I found myself searching the internet tonight for important issues to share with my fellow parents out there when I came across a recent news story out of N.Y. from the Baby Safe Sleep Coalition. It turns out that September was SIDS awareness month and the BSSC is stressing that these tragic cases are 100 percent preventable. I will not argue with that, however, I will share with you something I discovered as an EMT. I was unfortunate during my time in that career to have to run a couple of these calls and one case in particular always stood out to me. I was never able to get air into the baby’s lungs. Not to be grotesque, but frankly speaking, it was as if the infants lungs were full of fluid. No matter how hard I tried, I could get no chest rise and fall. I had only experienced this with drowning victims in the past and till this day, it baffles me. The BSSC website suggests that all SIDS cases are preventable because the cause of SIDS is suffocation. This may be one cause, but I don’t believe it to be the only cause and truly hope that this “suggestion” does not have parents out there unnecessarily beating themselves up.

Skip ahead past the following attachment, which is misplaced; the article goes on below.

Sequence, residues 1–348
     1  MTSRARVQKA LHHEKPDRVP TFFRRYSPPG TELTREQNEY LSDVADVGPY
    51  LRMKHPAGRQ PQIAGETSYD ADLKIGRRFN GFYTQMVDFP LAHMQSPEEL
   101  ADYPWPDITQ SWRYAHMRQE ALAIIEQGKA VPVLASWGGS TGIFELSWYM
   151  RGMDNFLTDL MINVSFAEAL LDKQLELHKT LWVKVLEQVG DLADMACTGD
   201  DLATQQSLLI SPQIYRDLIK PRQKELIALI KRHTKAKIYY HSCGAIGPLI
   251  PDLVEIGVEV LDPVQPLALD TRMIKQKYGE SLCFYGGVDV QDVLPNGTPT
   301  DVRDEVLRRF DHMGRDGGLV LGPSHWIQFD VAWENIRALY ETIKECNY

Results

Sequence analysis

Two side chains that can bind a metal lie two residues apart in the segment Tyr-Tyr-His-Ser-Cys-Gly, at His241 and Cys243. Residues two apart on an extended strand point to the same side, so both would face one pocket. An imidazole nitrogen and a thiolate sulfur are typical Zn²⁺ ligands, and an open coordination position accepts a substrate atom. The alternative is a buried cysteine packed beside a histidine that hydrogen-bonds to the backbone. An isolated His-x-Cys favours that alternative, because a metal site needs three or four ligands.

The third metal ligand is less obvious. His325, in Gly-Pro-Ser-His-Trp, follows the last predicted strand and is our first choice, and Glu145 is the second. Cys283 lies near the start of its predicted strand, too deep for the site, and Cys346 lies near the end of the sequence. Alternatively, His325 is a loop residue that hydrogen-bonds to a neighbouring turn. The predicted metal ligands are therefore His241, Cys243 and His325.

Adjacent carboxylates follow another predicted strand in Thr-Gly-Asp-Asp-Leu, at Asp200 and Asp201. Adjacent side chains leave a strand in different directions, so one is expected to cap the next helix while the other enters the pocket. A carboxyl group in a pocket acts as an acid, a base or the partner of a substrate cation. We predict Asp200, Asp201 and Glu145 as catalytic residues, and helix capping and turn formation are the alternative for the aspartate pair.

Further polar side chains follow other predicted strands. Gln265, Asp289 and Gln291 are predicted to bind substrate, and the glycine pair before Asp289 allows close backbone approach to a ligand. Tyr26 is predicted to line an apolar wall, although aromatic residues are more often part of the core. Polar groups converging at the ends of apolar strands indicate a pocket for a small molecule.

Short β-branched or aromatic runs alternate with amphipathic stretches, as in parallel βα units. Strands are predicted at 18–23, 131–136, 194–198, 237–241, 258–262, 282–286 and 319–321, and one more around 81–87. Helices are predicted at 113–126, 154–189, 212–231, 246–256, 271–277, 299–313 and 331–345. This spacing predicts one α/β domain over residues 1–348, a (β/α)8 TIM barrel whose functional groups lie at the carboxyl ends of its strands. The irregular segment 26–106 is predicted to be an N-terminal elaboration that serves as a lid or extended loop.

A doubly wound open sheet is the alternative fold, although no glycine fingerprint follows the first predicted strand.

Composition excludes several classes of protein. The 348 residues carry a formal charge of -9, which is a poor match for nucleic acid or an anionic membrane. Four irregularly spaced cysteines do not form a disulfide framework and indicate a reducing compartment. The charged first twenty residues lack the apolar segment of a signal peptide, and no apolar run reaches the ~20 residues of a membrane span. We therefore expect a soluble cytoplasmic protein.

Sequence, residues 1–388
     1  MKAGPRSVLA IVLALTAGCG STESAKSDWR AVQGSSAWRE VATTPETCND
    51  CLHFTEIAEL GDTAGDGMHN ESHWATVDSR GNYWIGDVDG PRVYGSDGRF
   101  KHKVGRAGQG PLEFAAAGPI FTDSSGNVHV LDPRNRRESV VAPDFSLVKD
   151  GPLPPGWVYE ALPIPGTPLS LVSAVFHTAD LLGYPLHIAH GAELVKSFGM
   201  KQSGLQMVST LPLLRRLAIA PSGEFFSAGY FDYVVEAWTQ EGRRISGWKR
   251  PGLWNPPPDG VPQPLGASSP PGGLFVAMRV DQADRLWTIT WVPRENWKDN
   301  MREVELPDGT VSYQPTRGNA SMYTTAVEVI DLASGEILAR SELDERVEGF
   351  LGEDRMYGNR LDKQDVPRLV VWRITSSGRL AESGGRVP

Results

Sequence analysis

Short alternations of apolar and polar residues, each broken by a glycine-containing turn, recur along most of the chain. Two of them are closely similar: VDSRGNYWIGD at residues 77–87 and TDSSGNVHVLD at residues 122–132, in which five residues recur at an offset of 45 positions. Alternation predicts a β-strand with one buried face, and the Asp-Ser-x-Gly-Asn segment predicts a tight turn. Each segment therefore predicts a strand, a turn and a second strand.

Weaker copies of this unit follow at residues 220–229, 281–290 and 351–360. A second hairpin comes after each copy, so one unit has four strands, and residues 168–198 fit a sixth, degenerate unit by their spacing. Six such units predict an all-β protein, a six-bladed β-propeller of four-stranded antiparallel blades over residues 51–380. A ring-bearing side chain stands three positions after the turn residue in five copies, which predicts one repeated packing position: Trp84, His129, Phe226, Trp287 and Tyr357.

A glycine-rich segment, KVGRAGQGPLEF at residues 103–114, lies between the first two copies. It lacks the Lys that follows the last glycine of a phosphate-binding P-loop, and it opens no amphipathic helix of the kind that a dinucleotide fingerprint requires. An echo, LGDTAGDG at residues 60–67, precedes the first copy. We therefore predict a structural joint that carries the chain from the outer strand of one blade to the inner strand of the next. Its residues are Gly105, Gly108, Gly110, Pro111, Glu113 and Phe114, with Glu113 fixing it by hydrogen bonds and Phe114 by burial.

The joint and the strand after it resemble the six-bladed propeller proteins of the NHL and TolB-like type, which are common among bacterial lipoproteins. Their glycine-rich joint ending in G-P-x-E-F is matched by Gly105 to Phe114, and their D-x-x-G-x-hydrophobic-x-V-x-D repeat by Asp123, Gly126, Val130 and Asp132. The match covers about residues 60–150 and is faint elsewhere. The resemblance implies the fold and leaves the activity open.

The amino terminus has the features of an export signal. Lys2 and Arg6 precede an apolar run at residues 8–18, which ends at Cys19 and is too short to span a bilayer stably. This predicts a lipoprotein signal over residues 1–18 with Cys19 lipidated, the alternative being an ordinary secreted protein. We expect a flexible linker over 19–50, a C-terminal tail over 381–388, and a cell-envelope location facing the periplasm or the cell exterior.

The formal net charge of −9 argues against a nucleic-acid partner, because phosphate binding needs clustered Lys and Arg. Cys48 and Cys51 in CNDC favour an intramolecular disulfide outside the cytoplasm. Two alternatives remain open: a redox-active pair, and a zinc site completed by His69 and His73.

Whatever the case or cause we still have to keep our babies safe. Right? Which is the reason I wanted to share this story and my thoughts. I co-slept with ALL of my children. I breastfed and this was what I found to be the easiest for me. I DO NOT recommend this however because honestly, I feel that I was lucky that I did not smother any of my children. On the positive side, I will say that I feel co-sleeping created a strong bond between myself and them. It made breastfeeding easier and was probably the sole reason for my success at it. I can’t tell you why I chose ignore the risks other than I felt confidant that I was a light sleeper enough to not roll over on, or smother my kids. A part of me feels guilty now for even putting them at risk, but I am thankful for the bonding experience. For those of you that want to read more or even start up a discussion on the matter I’ll leave you the link, and the comment section open.